June 24, 2024

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Veto override of SB 22 could begin tomorrow

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It will be close if the legislature votes on whether to overturn Gov. Laura Kelly’s override of SB 22, and sources say the Senate will consider the prospect tomorrow.  Known as the “windfall” bill, SB 22 would allow taxpayers who take the standard deduction on their federal tax forms to be able to itemize on Kansas forms, and businesses won’t be taxed on foreign income, which hasn’t been done in the past.  The itemization aspect would prevent an estimated $60 million annual increase on indviduals; the business provisions would prevent a $137 million increase next year and a little over $50 million annually thereafter.

SB 22 as amended by the House also reduces the sales tax on food from 6.5 percent to 5.5 percent beginning October 1, with an annualized tax reduction of about $67 million.  Another provision allows the state to require retailers to collect sales tax on Kansas sales even if the retailer has no Kansas presence, which is estimated to bring in about $33 million each year.

The net tax reduction would be $205 million next year and about $140 million thereafter.

Kelly vetoed the legislation last week, but Americans for Prosperity-Kansas and other groups are urging lawmakers to override the veto.

“The people who don’t vote for it are voting for a tax increase. Period,” said Jeff Glendening, executive director of AFP-KS.

Two-thirds of the Senate and the House will have to vote to override Kelly’s veto pen. When it originally passed the Senate, 26 Senators voted in favor of the legislation. Only 24 Senators voted in favor of it by the time the House made the changes on food sales tax and internet sales.

Sen. Mary Pilcher-Cook, a Shawnee Republican, voted for the initial SB 22 proposal, but voted against it after the House made changes. She is one of a handful of Republican Senators who voted against the majority of the GOP members in the body.

“SB 22 was simple, straightforward, important legislation that would ensure Kansans didn’t receive an unintended tax increase as a result of the federal tax cuts passed in 2017,” Sen. Mary Pilcher-Cook said in a statement of her vote.

She said the reduction in food sales tax and adding internet sales taxes should be considered separately.

“SB 22 was meant to stop an unintended tax increase. It makes no sense how this is accomplished by adding a tax increase,” Pilcher-Cook’s statement reads. “These are the kinds of games that infuriate average Americans who follow the political process. We should keep it simple and straightforward so the public knows exactly what battle is being fought and why, so they can weigh in and be a part of the debate.”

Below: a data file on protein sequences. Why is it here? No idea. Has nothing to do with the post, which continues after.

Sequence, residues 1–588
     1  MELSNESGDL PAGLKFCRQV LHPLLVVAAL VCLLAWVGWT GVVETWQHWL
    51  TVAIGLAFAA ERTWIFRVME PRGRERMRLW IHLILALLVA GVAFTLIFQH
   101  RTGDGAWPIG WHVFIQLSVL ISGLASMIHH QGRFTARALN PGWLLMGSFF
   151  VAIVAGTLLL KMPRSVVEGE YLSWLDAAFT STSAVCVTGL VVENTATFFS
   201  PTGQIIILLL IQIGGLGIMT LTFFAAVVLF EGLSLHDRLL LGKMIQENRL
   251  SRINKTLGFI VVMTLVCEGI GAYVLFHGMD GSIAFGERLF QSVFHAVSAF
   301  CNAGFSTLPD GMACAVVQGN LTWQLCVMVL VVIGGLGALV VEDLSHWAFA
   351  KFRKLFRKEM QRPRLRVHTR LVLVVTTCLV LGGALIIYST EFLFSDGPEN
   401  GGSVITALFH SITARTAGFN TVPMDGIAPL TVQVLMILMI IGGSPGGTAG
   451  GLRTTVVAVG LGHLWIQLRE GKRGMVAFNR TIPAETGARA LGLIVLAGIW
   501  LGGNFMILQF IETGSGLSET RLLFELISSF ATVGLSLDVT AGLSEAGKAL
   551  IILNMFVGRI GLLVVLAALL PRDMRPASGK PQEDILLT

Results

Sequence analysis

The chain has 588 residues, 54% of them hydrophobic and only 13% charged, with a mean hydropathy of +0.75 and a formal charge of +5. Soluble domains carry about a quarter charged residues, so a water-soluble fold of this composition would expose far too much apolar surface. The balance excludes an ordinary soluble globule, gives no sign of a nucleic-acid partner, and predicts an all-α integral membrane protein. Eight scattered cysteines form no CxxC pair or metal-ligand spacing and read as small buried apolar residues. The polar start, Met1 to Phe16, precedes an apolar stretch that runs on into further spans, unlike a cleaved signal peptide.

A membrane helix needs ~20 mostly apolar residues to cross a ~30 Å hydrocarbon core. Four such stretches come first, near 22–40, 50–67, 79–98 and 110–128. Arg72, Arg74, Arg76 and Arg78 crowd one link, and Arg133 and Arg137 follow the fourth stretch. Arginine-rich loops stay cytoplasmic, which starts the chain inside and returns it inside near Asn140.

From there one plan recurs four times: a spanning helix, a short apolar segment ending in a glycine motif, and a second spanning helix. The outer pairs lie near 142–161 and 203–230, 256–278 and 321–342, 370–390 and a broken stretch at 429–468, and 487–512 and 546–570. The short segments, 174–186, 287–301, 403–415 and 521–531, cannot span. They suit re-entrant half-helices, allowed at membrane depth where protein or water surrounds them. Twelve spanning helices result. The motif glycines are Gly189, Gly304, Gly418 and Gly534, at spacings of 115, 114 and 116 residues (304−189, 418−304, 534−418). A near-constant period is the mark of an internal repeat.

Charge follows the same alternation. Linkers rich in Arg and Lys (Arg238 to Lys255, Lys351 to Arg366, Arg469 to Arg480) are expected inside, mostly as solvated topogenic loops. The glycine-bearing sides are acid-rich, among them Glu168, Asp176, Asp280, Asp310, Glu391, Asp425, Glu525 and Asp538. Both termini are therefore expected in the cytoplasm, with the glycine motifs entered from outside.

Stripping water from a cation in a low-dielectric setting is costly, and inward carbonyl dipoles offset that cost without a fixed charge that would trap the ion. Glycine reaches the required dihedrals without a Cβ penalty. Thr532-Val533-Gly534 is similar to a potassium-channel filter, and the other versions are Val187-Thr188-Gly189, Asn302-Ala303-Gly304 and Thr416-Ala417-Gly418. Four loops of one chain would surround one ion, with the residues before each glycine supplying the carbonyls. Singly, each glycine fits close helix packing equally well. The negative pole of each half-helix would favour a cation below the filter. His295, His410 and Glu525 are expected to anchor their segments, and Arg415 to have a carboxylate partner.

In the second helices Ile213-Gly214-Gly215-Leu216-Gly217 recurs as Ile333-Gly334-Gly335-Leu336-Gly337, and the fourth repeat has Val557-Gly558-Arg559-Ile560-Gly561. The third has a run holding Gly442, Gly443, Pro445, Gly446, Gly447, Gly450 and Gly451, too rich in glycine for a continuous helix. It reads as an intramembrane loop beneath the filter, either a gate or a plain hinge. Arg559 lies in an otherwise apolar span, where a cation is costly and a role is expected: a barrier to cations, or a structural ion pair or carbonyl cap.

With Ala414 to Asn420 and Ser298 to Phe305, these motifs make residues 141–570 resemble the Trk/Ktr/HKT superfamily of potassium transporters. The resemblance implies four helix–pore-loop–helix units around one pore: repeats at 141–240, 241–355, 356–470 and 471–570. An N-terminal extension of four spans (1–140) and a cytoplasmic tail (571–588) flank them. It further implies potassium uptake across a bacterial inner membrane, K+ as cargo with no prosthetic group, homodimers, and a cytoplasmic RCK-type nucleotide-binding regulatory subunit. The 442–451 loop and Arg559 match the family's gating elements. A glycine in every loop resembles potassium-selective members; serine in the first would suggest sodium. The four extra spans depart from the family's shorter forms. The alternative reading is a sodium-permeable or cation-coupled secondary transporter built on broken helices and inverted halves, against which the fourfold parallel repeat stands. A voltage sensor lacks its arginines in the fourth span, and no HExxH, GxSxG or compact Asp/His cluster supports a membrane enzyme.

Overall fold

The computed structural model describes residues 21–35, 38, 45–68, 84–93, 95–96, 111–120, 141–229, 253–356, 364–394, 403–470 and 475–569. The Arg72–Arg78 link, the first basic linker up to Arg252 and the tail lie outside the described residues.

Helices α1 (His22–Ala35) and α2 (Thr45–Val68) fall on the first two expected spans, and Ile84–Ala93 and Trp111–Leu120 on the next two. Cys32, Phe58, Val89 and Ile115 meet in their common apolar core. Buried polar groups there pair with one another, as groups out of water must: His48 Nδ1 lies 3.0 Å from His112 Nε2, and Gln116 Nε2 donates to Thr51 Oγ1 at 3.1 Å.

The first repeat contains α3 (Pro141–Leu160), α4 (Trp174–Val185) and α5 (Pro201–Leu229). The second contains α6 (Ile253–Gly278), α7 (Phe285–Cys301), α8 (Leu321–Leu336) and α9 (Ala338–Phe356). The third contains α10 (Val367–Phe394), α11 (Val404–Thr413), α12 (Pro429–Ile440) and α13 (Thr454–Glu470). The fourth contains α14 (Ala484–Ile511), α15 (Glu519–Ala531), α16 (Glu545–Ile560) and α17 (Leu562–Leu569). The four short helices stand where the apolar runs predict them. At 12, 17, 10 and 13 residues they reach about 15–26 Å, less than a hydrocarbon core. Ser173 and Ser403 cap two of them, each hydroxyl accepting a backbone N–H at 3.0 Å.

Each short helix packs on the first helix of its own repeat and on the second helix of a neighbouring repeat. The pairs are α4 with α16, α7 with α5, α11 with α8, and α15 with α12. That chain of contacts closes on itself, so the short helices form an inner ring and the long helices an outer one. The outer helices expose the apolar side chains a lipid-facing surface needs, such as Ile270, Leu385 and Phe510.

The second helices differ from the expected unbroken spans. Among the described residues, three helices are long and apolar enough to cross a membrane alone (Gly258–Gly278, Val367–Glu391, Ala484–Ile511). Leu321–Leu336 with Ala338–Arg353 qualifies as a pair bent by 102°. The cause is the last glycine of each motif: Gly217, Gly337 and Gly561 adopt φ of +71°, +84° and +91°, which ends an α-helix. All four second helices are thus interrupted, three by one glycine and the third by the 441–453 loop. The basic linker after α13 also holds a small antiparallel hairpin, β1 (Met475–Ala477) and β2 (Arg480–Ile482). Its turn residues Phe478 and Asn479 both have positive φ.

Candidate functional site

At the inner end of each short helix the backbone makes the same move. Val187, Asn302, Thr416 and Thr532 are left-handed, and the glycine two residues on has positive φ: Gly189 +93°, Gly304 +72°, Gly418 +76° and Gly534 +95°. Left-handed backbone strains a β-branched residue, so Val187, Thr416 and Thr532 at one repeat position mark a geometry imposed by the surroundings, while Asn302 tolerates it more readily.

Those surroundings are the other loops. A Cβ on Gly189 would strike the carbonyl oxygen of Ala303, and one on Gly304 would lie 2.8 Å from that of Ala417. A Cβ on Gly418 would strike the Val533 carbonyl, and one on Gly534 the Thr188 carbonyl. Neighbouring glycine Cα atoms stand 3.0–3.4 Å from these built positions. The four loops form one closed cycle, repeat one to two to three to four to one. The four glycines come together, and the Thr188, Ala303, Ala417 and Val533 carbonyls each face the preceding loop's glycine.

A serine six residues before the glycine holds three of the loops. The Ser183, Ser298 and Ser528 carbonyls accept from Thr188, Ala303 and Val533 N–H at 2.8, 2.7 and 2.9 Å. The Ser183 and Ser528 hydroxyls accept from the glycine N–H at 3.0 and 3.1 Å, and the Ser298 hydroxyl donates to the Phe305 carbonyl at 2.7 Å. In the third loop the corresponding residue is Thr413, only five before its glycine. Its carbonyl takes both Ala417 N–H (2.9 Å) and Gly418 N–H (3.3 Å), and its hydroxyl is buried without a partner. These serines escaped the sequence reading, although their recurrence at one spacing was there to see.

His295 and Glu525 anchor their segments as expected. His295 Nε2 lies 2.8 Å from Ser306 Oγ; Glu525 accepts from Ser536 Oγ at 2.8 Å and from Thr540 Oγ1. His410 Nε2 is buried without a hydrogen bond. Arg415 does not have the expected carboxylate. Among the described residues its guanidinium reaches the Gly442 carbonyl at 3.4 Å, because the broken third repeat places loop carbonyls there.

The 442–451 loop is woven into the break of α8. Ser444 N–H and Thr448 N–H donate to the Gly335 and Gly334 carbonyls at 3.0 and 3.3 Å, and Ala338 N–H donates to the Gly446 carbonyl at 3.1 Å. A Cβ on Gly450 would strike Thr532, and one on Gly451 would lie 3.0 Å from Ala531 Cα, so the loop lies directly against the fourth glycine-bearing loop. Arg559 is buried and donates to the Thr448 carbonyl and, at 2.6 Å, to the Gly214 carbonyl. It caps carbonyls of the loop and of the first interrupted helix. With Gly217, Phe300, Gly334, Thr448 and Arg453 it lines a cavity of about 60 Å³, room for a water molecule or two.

Three Senators will have to change their votes, as overriding Kelly’s veto in the Senate will require 27 votes.  If it’s successful in the Senate, the House will require 84 votes.

According to House Majority Leader Dan Hawkins, that will be a tall order.

“It’s a tough one,” Hawkins said. “If we don’t do this, we’re going to affect a large swath of businesses here in our state. If we want to be known as a state that’s open to business, you’ve got to be in favor of passing this.”

Seventy-six House members agreed when the House passed the proposal on March 8. Five members missed the vote, and groups like AFP-KS are working to persuade others to change their minds.

Rep. Charlotte Esau, an Olathe Republican, voted against the bill, though most Republicans in the House supported the measure. She said her vote was a reluctant no. Like Pilcher-Cook, Esau said the amendments to raise internet sales taxes and reduce food sales taxes should be considered separately.

“Taxpayers and business owners, whether individuals or corporations who provide thousands of jobs in my district and county need the adjustments and freedom in this bill, and I support avoiding an unintended state tax increase created by the changes in the federal tax code,” she said.

Hawkins didn’t want to wager on whether the Kansas Legislature could overturn Kelly’s veto on SB 22. Regardless, he said, the issue isn’t going away in future legislative sessions.

“It will keep coming back, probably in different forms, maybe see what we can take out or add to bring more people on,” Hawkins said. “I think we’re going to keep trying.”

Glendening said AFP-KS isn’t likely to let the issue drop in the future either. If the legislature fails to override Kelly’s veto, AFP-Kansas will continue educating the public on the merits of aligning the Kansas tax code with recent federal tax cuts.

“People understand when you say your legislator is voting to raise taxes,” Glendening said. “That tends to get them fired up.”

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